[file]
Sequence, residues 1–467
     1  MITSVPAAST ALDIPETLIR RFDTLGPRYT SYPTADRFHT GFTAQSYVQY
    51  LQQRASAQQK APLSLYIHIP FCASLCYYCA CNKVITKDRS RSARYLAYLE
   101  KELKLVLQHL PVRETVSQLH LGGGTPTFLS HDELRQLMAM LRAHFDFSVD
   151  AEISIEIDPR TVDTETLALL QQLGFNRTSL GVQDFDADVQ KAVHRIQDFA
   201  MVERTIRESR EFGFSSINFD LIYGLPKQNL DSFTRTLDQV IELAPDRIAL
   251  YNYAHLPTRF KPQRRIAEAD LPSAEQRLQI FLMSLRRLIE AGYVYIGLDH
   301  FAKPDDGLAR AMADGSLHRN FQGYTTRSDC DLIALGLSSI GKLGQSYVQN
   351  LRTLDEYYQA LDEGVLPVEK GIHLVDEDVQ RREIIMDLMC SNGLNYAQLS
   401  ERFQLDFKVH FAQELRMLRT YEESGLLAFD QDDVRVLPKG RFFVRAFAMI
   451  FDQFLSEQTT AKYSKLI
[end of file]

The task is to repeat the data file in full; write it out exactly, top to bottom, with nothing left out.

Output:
Sequence, residues 1–467
     1  MITSVPAAST ALDIPETLIR RFDTLGPRYT SYPTADRFHT GFTAQSYVQY
    51  LQQRASAQQK APLSLYIHIP FCASLCYYCA CNKVITKDRS RSARYLAYLE
   101  KELKLVLQHL PVRETVSQLH LGGGTPTFLS HDELRQLMAM LRAHFDFSVD
   151  AEISIEIDPR TVDTETLALL QQLGFNRTSL GVQDFDADVQ KAVHRIQDFA
   201  MVERTIRESR EFGFSSINFD LIYGLPKQNL DSFTRTLDQV IELAPDRIAL
   251  YNYAHLPTRF KPQRRIAEAD LPSAEQRLQI FLMSLRRLIE AGYVYIGLDH
   301  FAKPDDGLAR AMADGSLHRN FQGYTTRSDC DLIALGLSSI GKLGQSYVQN
   351  LRTLDEYYQA LDEGVLPVEK GIHLVDEDVQ RREIIMDLMC SNGLNYAQLS
   401  ERFQLDFKVH FAQELRMLRT YEESGLLAFD QDDVRVLPKG RFFVRAFAMI
   451  FDQFLSEQTT AKYSKLI